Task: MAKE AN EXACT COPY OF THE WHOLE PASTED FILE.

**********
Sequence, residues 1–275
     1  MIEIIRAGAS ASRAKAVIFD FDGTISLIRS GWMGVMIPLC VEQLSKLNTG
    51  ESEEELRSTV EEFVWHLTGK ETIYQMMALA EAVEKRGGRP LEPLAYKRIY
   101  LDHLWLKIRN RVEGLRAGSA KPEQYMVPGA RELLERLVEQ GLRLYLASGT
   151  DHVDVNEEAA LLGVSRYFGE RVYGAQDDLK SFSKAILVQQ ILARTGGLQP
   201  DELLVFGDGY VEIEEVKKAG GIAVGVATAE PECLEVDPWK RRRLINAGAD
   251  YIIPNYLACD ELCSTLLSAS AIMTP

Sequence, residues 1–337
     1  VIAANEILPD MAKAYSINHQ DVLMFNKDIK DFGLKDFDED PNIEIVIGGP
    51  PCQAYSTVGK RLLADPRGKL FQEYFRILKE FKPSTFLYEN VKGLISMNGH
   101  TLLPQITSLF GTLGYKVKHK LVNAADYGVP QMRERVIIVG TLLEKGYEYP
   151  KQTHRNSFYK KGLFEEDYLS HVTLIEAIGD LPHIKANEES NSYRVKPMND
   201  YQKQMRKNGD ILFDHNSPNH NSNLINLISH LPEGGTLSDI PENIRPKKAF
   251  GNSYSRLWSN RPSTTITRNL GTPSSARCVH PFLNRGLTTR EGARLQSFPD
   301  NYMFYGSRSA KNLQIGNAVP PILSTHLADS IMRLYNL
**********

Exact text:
Sequence, residues 1–275
     1  MIEIIRAGAS ASRAKAVIFD FDGTISLIRS GWMGVMIPLC VEQLSKLNTG
    51  ESEEELRSTV EEFVWHLTGK ETIYQMMALA EAVEKRGGRP LEPLAYKRIY
   101  LDHLWLKIRN RVEGLRAGSA KPEQYMVPGA RELLERLVEQ GLRLYLASGT
   151  DHVDVNEEAA LLGVSRYFGE RVYGAQDDLK SFSKAILVQQ ILARTGGLQP
   201  DELLVFGDGY VEIEEVKKAG GIAVGVATAE PECLEVDPWK RRRLINAGAD
   251  YIIPNYLACD ELCSTLLSAS AIMTP

Sequence, residues 1–337
     1  VIAANEILPD MAKAYSINHQ DVLMFNKDIK DFGLKDFDED PNIEIVIGGP
    51  PCQAYSTVGK RLLADPRGKL FQEYFRILKE FKPSTFLYEN VKGLISMNGH
   101  TLLPQITSLF GTLGYKVKHK LVNAADYGVP QMRERVIIVG TLLEKGYEYP
   151  KQTHRNSFYK KGLFEEDYLS HVTLIEAIGD LPHIKANEES NSYRVKPMND
   201  YQKQMRKNGD ILFDHNSPNH NSNLINLISH LPEGGTLSDI PENIRPKKAF
   251  GNSYSRLWSN RPSTTITRNL GTPSSARCVH PFLNRGLTTR EGARLQSFPD
   301  NYMFYGSRSA KNLQIGNAVP PILSTHLADS IMRLYNL